The Christian life can be summarized as the living out of the pascal mystery in every part of our lives. It is making the celebration of Easter a lived reality in each day we are given. What this means is that by the Grace of the Father, in Christ and through the Holy Spirit, we commend each element of our existence into God’s hands. It is the setting right of an appetite that has ceased to hunger for God alone. It is a process of living out in action that which was sacramentally given to us in our baptism. We offer God our life in all of its brokenness and God offers us his life in all of its fullness. This progression toward life in an Easter key is what we talk about when we discuss “spirituality.”
The greatest expression of this dynamic life each year is the celebration of Easter itself. At Easter the people of God join in sacramental participation in the death and resurrection of Jesus. On Holy Thursday we go with Jesus to the garden, on Good Friday we meet him at the Cross, and at the vigil we join in exclamation of Joy as we celebrate Christ’s resurrection, trampling death by death. We also experience this every Sunday at mass. These times are sometimes referred to as “little Easters.” However most of our lives we have to live out the Easter reality of the Christian life in the messy particularities of our own lives.
This can be very difficult. I know this is true. I am a father, I run a business, I am a student and on top of that I am called to live life as a mission in deep relationship with God and others. I often feel like I am just too busy for spirituality. I know I am not alone. As I talk to people about their faith I often here people confess that they simply can’t find time to pray. The business of life, work, family, and even ministry can feel like it chokes out any space for God. If this is where you find yourself, I have some good news.
In all of these areas God calls us to offer ourselves to Him and in all of these areas God offers himself to us. Developing a life in an Easter Key does not require you to leave your life but simply to invite God into the living out of your life. God is working to turn you into the person Jesus would be if Jesus were you.
I recently read a great little book that offers some ways on how to do this. It’s called Busy Lives & Restless Souls. It offers The Ignation spirituality in a quick and easy format. In it there is a treasure trove of wisdom. It gleans the very best from the Jesuit reserves and offers it in a way that is easy for busy folks to not only read but to live.
Written by a spiritual director who is also a mother, wife and all around busy person herself the book seeks to help readers understand and explore opportunities for prayer in their lives they may never have experienced before. She rightly sees Jesus himself as a busy person, and points to ways that we can follow him in our own contexts. Here is a great excerpt.
Jesus teaches us many things about God. Jesus also models the way for us to live: rooted in God and living in the reality of this divine-and-human life. To illustrate this, let me use an example I came across years ago in Margaret Silf’s book Companions of Christ. It’s the image of the oil lamp…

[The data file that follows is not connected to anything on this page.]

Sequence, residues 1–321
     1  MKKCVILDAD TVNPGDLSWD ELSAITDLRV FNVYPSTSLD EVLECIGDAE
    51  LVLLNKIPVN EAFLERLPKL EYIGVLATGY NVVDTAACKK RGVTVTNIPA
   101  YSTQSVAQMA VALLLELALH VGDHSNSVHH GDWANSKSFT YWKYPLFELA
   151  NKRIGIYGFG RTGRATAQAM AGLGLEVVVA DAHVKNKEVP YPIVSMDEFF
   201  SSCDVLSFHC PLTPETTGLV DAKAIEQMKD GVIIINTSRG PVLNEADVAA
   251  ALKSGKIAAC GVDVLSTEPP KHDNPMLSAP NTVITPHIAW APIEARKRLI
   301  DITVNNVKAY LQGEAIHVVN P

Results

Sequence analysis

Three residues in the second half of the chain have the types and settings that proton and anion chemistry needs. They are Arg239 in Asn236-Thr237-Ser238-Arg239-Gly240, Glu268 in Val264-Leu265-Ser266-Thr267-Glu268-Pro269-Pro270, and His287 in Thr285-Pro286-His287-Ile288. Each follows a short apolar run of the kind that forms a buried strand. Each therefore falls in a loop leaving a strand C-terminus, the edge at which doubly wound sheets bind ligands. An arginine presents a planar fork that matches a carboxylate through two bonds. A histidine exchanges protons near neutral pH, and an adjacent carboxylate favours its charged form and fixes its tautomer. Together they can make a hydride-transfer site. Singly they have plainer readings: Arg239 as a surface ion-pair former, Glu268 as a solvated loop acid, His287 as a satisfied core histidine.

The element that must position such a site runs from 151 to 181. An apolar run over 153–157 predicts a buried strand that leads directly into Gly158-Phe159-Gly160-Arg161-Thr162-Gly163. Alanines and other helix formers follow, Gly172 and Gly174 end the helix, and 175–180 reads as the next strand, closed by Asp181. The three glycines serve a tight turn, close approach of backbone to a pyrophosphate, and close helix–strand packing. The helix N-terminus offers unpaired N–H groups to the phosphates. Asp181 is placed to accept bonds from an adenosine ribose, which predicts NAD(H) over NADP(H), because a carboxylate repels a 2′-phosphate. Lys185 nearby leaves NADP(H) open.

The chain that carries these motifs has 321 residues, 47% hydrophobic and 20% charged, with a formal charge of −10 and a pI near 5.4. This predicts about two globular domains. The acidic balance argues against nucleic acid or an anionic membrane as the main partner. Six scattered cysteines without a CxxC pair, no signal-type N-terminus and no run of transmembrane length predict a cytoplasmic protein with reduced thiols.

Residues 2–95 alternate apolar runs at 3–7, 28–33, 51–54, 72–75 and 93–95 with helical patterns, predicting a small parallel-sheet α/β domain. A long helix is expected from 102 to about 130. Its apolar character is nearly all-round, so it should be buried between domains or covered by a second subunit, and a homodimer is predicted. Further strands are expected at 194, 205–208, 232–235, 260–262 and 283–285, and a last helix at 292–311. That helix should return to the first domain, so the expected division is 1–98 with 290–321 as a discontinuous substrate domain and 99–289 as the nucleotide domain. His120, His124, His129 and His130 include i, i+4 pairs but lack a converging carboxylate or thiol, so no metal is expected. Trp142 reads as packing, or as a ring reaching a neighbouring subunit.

…The oil lamp represents us. In each of us, there is a “wick” that runs through us. One end of this wick is immersed in the oil, and the other end of the wick is extended outward, hoping to bring light. We are like this oil lamp in that we can choose to root our lives somewhere—be it God or anyone or anything else. Where we immerse the wick affects what we bring out into the world. This is how most of us live; we attempt to ground our lives somewhere or in someone, and we live in the world, just as Jesus did.
Jesus demonstrates that if we root our lives in God, we can live in the world, bringing light and hope to all we encounter, and we can walk through anything that comes our way. If our oil is God, we never run out of it. Our wick is always fed and fueled and is capable of lighting
But let’s be honest. Sometimes, we pull our wick out of the “oil of God,” and we place it instead in the oil of our work or of our pursuit of money or ambition. Perhaps we center our lives and ground our lives in family or in another person, hoping that that person can continually refuel and provide the oil we need to live in the world. Maybe our other end of the wick can give light for a while, but eventually we realize that our light is flickering and fading and not giving much help to anyone.
And then there are times when were not grounded in anything. Our wick is not immersed in any kind of oil. We feel empty, restless, longing for meaning. Imagine trying to light an oil lamp without any oil. We can try multiple times to light it, but without oil, nothing happens.
Jesus shows us how to keep our oil lamp fueled and lit. Jesus shows us how to live in the world and how to live a life of prayer while tending to our roles and responsibilities. Jesus was not a hermit, focusing his entire day on prayer with God. He was out there in the world, as each of us is. He was in relationships. He was doing his work. He encountered people of all kinds, just as we do each day
If you feel like you need a jumpstart on your own life with God. This book is a great resource to begin the journey with God again. It even has discussion questions at the end of each chapter, making it a great resource for a small group.
What resources have you recently encountered that have helped you live life in an Easter Key. Let me know in the comments below.